EVEN THOUGH I have been lost in the pop-culture megastores of Tokyo, and touched the bronze horns of the Wall Street bull, I never truly appreciated the redemptive power of capitalism until I visited an auction of equipment from a decommissioned coal-power station. It was where I learned there is a legitimate market for 3,000-horsepower motors and semi-used spools of insulated cable. An auctioneer told me a bright-red fire door – ten feet by twelve feet of tempered steel clad with pounded aluminium – was to be re-purposed as the entrance to someone’s ‘man cave’. Whoever had the unenviable job of cataloguing this industrial detritus had alleviated his or her boredom by coming up with sarcastic descriptions for some of the more underwhelming items: ‘Divorce Pack’ (three fridges, a microwave, two heaters and a cabinet); ‘The Trap!!’ (a mysterious steel cage contraption); and ‘quantity grease tins on wall’. All of this was being sold to clear the way for the demolition of Alinta Energy’s brown-coal plant at Port Augusta, a dirty old giant of industry that had sat on the saltbush tip of the Spencer Gulf for six decades. We had come here on a cold Tuesday morning to wander through the carcass of the power plant, which had incinerated enough little brown rocks to power a few thousand homes for something like 65 million hours, and either pay our respects or make out like carrion. One guy, David, whose father had worked at the power station for two decades, had brought his camera to document this piece of local and family history.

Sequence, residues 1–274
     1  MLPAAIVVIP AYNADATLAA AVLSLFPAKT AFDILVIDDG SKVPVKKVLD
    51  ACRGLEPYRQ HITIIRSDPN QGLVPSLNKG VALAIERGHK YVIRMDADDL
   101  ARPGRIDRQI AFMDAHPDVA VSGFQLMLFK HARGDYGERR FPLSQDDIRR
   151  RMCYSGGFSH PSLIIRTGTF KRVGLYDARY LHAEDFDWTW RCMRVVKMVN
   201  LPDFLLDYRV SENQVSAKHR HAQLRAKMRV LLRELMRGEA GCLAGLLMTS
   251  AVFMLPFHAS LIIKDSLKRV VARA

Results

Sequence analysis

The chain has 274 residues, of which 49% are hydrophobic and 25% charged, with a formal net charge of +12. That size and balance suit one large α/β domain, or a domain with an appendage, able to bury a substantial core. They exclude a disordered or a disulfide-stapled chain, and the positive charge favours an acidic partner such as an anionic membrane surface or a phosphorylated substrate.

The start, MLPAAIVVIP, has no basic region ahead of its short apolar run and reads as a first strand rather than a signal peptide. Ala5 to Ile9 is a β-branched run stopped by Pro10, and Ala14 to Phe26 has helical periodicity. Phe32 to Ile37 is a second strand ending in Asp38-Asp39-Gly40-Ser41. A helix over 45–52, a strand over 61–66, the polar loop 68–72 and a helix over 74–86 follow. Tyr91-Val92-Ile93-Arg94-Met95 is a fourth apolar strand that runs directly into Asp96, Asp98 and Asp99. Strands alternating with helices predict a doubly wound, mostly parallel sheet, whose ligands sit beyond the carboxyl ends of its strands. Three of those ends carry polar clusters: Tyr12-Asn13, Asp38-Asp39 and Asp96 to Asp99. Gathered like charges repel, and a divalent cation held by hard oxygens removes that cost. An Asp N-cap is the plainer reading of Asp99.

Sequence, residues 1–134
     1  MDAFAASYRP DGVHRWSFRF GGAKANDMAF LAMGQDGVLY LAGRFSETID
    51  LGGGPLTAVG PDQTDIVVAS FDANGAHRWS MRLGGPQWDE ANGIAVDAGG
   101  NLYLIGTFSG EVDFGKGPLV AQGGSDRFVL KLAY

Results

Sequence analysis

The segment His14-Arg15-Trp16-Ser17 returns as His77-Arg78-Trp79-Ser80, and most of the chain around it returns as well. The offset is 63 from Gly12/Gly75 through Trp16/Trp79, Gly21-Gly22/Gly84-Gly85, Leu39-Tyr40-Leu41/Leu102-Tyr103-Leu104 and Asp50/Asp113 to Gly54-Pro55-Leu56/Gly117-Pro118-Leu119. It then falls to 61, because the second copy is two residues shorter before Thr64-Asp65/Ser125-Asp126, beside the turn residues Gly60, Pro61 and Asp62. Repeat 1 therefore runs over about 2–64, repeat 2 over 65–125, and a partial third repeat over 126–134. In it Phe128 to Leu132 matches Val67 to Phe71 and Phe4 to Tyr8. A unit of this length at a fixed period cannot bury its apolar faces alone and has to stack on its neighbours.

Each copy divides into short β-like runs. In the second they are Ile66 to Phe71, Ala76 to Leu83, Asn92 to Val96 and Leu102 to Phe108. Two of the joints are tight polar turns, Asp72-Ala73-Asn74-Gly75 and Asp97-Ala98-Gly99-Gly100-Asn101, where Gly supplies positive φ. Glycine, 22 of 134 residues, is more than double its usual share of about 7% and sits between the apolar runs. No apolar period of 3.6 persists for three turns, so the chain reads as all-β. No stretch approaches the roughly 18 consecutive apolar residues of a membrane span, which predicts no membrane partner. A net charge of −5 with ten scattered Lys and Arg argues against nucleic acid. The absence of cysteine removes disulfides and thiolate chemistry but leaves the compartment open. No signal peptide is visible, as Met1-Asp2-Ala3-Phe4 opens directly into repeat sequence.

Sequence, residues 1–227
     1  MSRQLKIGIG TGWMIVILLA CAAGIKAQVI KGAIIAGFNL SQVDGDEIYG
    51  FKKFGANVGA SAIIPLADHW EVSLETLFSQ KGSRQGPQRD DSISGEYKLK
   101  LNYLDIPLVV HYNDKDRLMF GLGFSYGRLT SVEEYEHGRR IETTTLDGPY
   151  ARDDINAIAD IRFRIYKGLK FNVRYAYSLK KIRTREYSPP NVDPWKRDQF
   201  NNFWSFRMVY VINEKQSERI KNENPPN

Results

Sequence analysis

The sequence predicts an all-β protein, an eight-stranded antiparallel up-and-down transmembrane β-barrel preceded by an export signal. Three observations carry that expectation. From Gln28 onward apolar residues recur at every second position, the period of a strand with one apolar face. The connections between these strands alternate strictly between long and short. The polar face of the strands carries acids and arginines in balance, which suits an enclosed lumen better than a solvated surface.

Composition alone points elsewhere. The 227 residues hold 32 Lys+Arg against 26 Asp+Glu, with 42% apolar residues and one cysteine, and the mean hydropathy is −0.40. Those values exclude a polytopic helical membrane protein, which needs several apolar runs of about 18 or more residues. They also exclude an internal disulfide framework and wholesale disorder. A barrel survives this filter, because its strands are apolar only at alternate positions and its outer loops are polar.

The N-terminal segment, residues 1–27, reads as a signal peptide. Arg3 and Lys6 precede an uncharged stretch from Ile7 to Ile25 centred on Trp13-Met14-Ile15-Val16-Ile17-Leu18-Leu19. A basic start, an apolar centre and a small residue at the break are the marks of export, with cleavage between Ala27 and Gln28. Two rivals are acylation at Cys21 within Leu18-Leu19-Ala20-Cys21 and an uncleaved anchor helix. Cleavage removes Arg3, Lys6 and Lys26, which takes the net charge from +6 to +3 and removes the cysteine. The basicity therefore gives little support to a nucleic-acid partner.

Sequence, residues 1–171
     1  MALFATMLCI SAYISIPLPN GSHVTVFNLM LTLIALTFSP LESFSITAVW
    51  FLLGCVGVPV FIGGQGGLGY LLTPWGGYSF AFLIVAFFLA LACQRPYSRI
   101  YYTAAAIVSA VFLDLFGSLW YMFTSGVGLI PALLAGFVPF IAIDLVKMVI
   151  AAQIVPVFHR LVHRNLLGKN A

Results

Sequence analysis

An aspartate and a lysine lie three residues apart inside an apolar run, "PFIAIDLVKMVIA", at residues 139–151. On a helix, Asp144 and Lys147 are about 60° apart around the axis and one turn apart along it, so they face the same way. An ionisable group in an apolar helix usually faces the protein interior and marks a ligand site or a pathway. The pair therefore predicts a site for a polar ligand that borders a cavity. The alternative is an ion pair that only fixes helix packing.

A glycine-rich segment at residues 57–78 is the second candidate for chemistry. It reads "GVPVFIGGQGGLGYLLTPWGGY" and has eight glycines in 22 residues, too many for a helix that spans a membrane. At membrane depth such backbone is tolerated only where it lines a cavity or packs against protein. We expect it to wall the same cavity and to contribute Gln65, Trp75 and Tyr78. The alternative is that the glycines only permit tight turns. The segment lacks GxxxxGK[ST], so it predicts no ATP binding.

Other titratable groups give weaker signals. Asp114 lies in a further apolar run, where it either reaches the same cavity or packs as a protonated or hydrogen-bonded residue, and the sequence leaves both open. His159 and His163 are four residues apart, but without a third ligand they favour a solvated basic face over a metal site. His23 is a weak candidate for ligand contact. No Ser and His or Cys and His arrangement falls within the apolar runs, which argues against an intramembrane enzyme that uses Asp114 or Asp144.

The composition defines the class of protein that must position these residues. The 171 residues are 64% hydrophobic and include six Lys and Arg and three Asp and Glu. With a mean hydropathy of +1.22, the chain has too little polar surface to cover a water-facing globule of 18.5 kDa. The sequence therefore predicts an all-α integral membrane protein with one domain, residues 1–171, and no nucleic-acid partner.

‘When are you ever going to get to see something like this again?’ he said, gesturing towards one of the cavernous hallways.
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